Google Cloud Dataflow allows you to unlock business insights via a global network of IoT devices by leveraging intelligent IoT capabilities. Its scalability and managed integration options help you connect, store, and analyze data in Google Cloud and on edge devices.
Google Cloud Dataflow Best Practices
1. Build Manageable Data Pipelines
Use composable transforms to communicate business logic and create easy-to-maintain pipelines. Keep the pipeline as simple and clear as possible, to make pipeline troubleshooting easier for production models.
2. Apply Lifecycle Tests
An end-to-end data pipeline should include lifecycle testing to analyze the update, drain, and cancel options. Lifecycle testing helps you understand your pipeline’s interactions with data sinks and unavoidable side effects. It is important to understand the interactions between the lifecycle events of Cloud Dataflow and your sinks and sources.
These tests also help you understand interactions during recovery and failover situations, such as the effect of watermarks on events. For instance, sending elements with historic timestamps into the pipeline may result in the system treating these elements as late data, which can create a problem for recovery.
3. Clone Streaming Environments
Streaming a data source like Cloud Pub/Sub lets you attach subscriptions to topics. You can clone the streaming production environment for major updates by creating a new subscription for the production environment’s topic.
You can do this on regular cadences—for instance, once you’ve reached a threshold of minor updates to the pipeline. It also lets you perform A/B testing, ensuring the lifecycle events go smoothly in the production environment if you use splitable streaming data.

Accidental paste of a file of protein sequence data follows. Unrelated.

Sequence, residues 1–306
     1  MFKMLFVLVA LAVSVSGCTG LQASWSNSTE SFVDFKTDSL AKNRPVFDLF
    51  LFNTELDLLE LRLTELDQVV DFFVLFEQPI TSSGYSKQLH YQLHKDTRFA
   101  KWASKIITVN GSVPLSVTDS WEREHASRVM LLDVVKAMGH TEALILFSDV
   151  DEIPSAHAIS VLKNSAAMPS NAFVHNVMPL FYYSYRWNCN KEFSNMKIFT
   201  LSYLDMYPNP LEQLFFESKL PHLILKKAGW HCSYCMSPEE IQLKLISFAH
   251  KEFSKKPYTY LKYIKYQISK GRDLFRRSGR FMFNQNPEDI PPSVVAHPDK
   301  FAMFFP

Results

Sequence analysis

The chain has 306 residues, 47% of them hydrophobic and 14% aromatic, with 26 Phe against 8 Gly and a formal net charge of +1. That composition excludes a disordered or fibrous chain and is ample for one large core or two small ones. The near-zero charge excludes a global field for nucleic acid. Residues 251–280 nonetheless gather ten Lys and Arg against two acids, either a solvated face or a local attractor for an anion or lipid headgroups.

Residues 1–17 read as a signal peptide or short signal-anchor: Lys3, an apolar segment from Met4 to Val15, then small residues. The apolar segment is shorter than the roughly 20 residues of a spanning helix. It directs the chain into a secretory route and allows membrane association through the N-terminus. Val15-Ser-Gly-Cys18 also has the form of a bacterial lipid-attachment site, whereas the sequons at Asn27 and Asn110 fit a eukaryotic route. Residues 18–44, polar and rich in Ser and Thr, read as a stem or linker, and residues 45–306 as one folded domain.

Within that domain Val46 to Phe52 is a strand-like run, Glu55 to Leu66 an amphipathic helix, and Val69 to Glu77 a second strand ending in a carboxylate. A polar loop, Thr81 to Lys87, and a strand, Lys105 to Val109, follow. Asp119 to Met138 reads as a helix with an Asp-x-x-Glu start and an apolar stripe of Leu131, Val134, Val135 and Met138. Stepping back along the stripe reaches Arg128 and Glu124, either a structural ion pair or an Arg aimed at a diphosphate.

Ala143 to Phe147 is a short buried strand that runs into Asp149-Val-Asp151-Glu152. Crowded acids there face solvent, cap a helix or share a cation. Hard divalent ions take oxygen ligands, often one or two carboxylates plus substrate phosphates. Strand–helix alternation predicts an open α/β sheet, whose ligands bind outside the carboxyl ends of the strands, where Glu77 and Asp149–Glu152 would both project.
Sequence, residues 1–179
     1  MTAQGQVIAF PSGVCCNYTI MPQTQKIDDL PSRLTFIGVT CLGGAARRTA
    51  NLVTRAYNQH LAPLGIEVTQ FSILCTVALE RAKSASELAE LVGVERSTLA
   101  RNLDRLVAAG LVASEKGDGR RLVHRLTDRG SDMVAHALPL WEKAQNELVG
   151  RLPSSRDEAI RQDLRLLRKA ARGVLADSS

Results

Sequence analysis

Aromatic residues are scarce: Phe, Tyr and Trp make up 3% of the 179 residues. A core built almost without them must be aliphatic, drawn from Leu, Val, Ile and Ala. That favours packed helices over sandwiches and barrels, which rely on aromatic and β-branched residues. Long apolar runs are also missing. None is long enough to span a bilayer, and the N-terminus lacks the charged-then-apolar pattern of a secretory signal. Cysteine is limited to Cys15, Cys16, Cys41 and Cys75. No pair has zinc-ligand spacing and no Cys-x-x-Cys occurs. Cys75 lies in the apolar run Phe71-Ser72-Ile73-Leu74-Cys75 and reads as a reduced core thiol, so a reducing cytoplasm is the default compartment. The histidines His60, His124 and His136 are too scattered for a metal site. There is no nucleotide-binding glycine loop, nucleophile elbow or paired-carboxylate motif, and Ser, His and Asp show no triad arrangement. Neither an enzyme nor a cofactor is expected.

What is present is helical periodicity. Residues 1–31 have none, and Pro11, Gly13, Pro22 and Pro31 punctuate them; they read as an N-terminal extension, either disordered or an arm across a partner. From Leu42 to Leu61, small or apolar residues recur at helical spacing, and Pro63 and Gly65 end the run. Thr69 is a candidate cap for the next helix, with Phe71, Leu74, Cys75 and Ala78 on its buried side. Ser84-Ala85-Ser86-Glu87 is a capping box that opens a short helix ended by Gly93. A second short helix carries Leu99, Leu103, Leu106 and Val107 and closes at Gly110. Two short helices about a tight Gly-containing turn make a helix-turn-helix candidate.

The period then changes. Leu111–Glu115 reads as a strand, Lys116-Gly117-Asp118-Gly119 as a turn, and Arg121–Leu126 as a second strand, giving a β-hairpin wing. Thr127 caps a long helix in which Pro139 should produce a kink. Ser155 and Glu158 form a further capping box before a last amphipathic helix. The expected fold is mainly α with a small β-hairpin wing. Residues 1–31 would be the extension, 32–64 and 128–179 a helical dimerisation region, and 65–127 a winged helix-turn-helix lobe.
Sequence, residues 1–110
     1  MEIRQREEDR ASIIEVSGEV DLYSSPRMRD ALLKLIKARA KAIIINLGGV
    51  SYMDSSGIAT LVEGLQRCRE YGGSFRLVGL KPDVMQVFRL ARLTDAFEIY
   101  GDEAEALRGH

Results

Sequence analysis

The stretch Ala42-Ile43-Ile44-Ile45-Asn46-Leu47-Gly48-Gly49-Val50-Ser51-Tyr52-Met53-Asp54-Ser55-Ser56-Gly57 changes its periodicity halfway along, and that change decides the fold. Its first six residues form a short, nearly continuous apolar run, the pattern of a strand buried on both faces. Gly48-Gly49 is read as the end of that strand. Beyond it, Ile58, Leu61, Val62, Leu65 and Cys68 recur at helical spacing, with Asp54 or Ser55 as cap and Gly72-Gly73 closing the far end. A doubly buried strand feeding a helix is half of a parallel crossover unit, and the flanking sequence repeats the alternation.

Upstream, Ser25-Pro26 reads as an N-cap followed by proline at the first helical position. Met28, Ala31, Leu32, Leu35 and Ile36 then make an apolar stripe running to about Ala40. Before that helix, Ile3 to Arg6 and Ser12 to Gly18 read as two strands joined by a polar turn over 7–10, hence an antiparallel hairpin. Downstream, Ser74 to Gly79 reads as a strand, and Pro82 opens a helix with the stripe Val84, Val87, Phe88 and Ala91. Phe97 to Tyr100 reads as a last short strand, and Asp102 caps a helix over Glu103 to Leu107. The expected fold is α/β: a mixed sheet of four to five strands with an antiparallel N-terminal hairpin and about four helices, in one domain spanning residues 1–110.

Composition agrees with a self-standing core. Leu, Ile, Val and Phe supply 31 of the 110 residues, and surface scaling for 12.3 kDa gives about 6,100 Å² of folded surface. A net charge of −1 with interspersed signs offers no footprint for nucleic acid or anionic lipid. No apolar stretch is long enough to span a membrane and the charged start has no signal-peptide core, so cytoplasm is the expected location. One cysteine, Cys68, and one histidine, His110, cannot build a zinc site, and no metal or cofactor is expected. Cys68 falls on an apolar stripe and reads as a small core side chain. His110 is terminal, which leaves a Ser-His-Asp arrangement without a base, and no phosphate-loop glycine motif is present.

4. Monitor and Configure Alerts
Set up monitoring with custom metrics to reflect your service level objectives (SLOs) and configure alerts to notify you when the metrics approach the specified thresholds. You use the Cloud Dataflow runner to integrate custom metrics with Stackdriver. Stackdriver alerts can help ensure compliance with the specified SLOs.
Google Cloud Data Optimization with Cloud Volumes ONTAP
NetApp Cloud Volumes ONTAP, the leading enterprise-grade storage management solution, delivers secure, proven storage management services on AWS, Azure and Google Cloud. Cloud Volumes ONTAP capacity can scale into the petabytes, and it supports various use cases such as file services, databases, DevOps or any other enterprise workload, with a strong set of features including high availability, data protection, storage efficiencies, Kubernetes integration, and more.
Cloud Volumes ONTAP supports advanced features for managing SAN storage in the cloud, catering for NoSQL database systems, as well as NFS shares that can be accessed directly from cloud big data analytics clusters.
In addition, Cloud Volumes ONTAP provides storage efficiency features, including thin provisioning, data compression, and deduplication, reducing the storage footprint and costs by up to 70%.